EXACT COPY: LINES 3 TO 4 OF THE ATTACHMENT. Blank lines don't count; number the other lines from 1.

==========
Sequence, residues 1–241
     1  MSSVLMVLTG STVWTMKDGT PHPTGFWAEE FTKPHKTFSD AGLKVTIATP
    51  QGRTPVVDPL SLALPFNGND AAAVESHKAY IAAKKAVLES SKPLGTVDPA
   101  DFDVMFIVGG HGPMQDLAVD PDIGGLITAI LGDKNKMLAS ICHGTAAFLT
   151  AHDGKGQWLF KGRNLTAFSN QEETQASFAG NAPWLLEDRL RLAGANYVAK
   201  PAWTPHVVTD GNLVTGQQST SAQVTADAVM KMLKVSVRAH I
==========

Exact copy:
    51  QGRTPVVDPL SLALPFNGND AAAVESHKAY IAAKKAVLES SKPLGTVDPA
   101  DFDVMFIVGG HGPMQDLAVD PDIGGLITAI LGDKNKMLAS ICHGTAAFLT